The native pipe

Pipe background

While piping operations are not uncommon in many programming environments, piping has only recently found its way into the R programming environment by way of Stefan Milton Bache’s magrittr package (now part of the tidyverse suite of packages). Its infix operator is written as %>%.

So why bother with a pipe?

Take the following series of operations:

dat1 <- subset(mtcars, select = c(hp, mpg))
summary(dat1)
##        hp             mpg       
##  Min.   : 52.0   Min.   :10.40  
##  1st Qu.: 96.5   1st Qu.:15.43  
##  Median :123.0   Median :19.20  
##  Mean   :146.7   Mean   :20.09  
##  3rd Qu.:180.0   3rd Qu.:22.80  
##  Max.   :335.0   Max.   :33.90

The mtcars dataframe is going through two operations: a table subset, then a summary operation. This approach requires that an intermediate object be created.

A more succinct chunk would look like this:

summary( subset(mtcars, select = c(hp, mpg)))
##        hp             mpg       
##  Min.   : 52.0   Min.   :10.40  
##  1st Qu.: 96.5   1st Qu.:15.43  
##  Median :123.0   Median :19.20  
##  Mean   :146.7   Mean   :20.09  
##  3rd Qu.:180.0   3rd Qu.:22.80  
##  Max.   :335.0   Max.   :33.90

However, we are trading readability for succinctness.

A compromise between the two using the pipe looks like this:

library(magrittr)
mtcars %>% 
  subset(select = mpg:hp) %>%
  summary()
##       mpg             cyl             disp             hp       
##  Min.   :10.40   Min.   :4.000   Min.   : 71.1   Min.   : 52.0  
##  1st Qu.:15.43   1st Qu.:4.000   1st Qu.:120.8   1st Qu.: 96.5  
##  Median :19.20   Median :6.000   Median :196.3   Median :123.0  
##  Mean   :20.09   Mean   :6.188   Mean   :230.7   Mean   :146.7  
##  3rd Qu.:22.80   3rd Qu.:8.000   3rd Qu.:326.0   3rd Qu.:180.0  
##  Max.   :33.90   Max.   :8.000   Max.   :472.0   Max.   :335.0

This approach avoids the need for intermediate objects while offering an easy to follow workflow.

A pipe was not native to R … until now

R version 4.1 introduces the new native pipe: |>. It behaves much like %>%, at least from the user’s perspective. So, the above code chunk can be written without relying on the magrittr package as follows:

mtcars |> 
  subset(select = mpg:hp) |> 
  summary()
##       mpg             cyl             disp             hp       
##  Min.   :10.40   Min.   :4.000   Min.   : 71.1   Min.   : 52.0  
##  1st Qu.:15.43   1st Qu.:4.000   1st Qu.:120.8   1st Qu.: 96.5  
##  Median :19.20   Median :6.000   Median :196.3   Median :123.0  
##  Mean   :20.09   Mean   :6.188   Mean   :230.7   Mean   :146.7  
##  3rd Qu.:22.80   3rd Qu.:8.000   3rd Qu.:326.0   3rd Qu.:180.0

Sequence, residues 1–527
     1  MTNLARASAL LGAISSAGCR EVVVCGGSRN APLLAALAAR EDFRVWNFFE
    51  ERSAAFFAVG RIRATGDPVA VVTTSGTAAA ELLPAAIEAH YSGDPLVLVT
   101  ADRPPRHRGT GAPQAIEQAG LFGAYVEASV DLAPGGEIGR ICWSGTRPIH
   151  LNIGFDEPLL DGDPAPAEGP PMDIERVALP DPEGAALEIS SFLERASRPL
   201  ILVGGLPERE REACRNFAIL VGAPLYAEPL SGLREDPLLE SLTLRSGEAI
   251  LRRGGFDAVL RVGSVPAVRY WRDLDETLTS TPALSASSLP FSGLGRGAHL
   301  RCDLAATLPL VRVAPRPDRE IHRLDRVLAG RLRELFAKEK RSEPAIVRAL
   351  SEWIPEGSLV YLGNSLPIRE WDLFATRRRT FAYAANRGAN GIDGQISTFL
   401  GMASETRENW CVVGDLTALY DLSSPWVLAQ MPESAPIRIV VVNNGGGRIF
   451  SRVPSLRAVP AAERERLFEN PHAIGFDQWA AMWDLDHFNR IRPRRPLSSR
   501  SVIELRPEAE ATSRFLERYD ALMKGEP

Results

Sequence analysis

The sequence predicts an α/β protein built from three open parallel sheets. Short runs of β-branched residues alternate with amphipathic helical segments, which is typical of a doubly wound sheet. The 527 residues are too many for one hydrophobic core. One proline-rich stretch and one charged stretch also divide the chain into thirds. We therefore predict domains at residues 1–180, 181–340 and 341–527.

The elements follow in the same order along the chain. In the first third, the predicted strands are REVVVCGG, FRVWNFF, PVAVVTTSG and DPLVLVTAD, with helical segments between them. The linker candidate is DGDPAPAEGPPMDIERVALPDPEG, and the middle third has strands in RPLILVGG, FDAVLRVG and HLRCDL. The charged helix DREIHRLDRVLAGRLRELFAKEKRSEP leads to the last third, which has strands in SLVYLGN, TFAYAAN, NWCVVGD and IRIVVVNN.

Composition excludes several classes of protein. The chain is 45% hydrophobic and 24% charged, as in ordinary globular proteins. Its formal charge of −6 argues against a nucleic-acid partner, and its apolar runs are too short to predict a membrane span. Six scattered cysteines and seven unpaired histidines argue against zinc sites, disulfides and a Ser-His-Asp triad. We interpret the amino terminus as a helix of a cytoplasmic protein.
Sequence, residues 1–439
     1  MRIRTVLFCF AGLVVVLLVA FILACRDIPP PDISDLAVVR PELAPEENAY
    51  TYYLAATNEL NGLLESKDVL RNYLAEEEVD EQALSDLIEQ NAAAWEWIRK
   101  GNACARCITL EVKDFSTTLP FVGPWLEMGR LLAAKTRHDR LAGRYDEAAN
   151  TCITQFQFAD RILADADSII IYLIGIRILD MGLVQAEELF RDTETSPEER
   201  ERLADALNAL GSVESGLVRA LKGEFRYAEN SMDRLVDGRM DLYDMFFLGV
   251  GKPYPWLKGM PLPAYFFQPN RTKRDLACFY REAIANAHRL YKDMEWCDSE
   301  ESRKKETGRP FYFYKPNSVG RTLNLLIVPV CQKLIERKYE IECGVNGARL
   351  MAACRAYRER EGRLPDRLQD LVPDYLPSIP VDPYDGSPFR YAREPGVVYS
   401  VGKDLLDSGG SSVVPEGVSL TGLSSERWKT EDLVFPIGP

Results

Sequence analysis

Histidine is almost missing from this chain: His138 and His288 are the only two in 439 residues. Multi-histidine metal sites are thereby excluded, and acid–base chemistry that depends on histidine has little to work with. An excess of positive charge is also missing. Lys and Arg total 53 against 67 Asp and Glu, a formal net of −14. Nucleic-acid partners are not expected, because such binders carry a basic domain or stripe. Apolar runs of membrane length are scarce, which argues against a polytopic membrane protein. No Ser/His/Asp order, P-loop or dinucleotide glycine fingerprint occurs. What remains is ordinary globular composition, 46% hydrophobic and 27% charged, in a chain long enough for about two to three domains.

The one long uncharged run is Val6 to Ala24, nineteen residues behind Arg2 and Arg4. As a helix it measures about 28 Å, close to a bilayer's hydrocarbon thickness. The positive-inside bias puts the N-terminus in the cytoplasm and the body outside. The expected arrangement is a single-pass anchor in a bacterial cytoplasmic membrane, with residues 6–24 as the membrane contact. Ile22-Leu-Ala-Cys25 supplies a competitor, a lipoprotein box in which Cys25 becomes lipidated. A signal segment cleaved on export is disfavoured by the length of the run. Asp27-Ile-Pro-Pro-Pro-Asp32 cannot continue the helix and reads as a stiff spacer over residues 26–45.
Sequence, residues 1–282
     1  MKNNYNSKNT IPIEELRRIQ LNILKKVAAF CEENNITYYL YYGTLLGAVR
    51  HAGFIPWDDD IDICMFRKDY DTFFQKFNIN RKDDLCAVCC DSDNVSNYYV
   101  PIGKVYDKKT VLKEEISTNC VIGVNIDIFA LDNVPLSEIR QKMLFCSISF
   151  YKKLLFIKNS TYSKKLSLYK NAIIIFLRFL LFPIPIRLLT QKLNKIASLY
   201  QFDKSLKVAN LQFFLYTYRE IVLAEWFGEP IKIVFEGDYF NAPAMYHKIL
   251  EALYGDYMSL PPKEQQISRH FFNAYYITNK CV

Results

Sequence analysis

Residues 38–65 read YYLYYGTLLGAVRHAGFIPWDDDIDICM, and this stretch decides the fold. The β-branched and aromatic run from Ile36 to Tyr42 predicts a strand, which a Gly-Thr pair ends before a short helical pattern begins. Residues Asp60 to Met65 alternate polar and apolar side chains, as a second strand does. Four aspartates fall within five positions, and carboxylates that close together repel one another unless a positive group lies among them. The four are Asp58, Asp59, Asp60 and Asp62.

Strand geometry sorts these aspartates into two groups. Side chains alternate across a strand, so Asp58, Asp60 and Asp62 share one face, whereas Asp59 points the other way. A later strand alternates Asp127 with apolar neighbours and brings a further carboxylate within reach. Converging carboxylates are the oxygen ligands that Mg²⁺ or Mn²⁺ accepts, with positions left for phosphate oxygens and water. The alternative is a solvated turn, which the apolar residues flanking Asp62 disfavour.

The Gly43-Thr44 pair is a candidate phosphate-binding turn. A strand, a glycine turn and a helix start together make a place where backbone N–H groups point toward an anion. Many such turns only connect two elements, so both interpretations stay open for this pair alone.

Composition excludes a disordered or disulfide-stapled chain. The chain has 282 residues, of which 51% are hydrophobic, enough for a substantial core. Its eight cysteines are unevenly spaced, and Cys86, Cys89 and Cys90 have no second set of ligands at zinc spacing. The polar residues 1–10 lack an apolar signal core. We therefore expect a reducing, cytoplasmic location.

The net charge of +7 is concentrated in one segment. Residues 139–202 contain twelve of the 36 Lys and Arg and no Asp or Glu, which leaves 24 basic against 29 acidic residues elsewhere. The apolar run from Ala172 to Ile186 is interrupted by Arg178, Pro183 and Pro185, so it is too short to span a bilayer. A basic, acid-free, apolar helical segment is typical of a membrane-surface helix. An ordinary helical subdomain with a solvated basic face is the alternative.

##  Max.   :33.90   Max.   :8.000   Max.   :472.0   Max.   :335.0

RStudio shortcut key

RStudio offers the shortcut key for the magrittr pipe: ctr + shift + M on Windows machines and cmd + shift + M on Macs.

RStudio does not yet offer a dedicated shortcut key for the native pipe but it does offer the option to choose which pipe to assign to that shortcut key. This option can be specified via the Options menu (note that as of this writing, this feature is only available in the preview version of RStudio).

What does a pipe do exactly?

A pipe feeds the contents (or output) from the left hand side (LHS) into the first unnamed argument of the right hand side (RHS) function. So in the following example, the pipe feeds the mtcars dataframe into the first argument of subset().

mtcars |> subset(select = mpg:hp)

The first argument in subset is the data object argument, x. Note that subset has several methods. If a dataframe is passed to subset, the method called is subset.data.frame(). We can list its arguments using the following command.

formalArgs(subset.data.frame)
## [1] "x"      "subset" "select" "drop"   "..."

The first argument is x = (the input dataframe). So in the above piping operation mtcars is piped as a parameter to the x argument of the subset function.

Knowing this can help troubleshoot unwelcome scenarios. For example, what happens if the LHS gets piped to a function on the RHS that does not have input data as its first argument?

mtcars |> lm(hp ~ mpg )
## Error in as.data.frame.default(data): cannot coerce class '"formula"' to a data.frame

lm has its data input argument, data, as its second argument. Hence, the pipe is assigning mtcars to formula which is the first argument in the lm function.

formalArgs(lm)
##  [1] "formula"     "data"        "subset"      "weights"     "na.action"  
##  [6] "method"      "model"       "x"           "y"           "qr"         
## [11] "singular.ok" "contrasts"   "offset"      "..."

You’ll note that we defined the formula, hp ~ mpg, in the above code chunk, however, it’s not being explicitly assigned to the formula argument. So R is interpreting the above piping operation as:

lm(formula = mtcars, data = hp ~ mpg)

which generates an error message.

One solution is to explicitly name the formula argument to prevent the pipe from assigning mtcars to formula:

mtcars |> lm(formula = hp ~ mpg )
## 
## Call:
## lm(formula = hp ~ mpg, data = mtcars)
## 
## Coefficients:
## (Intercept)          mpg  
##      324.08        -8.83

In the above example, the formula = argument is explicitly spelled out thus forcing the pipe to look for the next argument not explicitly named in the code chunk. Once found, it assigns the LHS as that argument’s parameter. In the above code chunk, this next argument is data (which is what we want o pipe mtcars into). This works with both |> and %>%.

Naming arguments may not always work

In some cases, naming arguments (as demonstrated in the previous example) may not be suitable. For example the following plot function does not generate a scatter plot of hp vs mpg as we might have expected, even though we are explicitly naming the argument being assigned the hp ~ mpg formula.

mtcars |>  plot(formula = hp ~ mpg)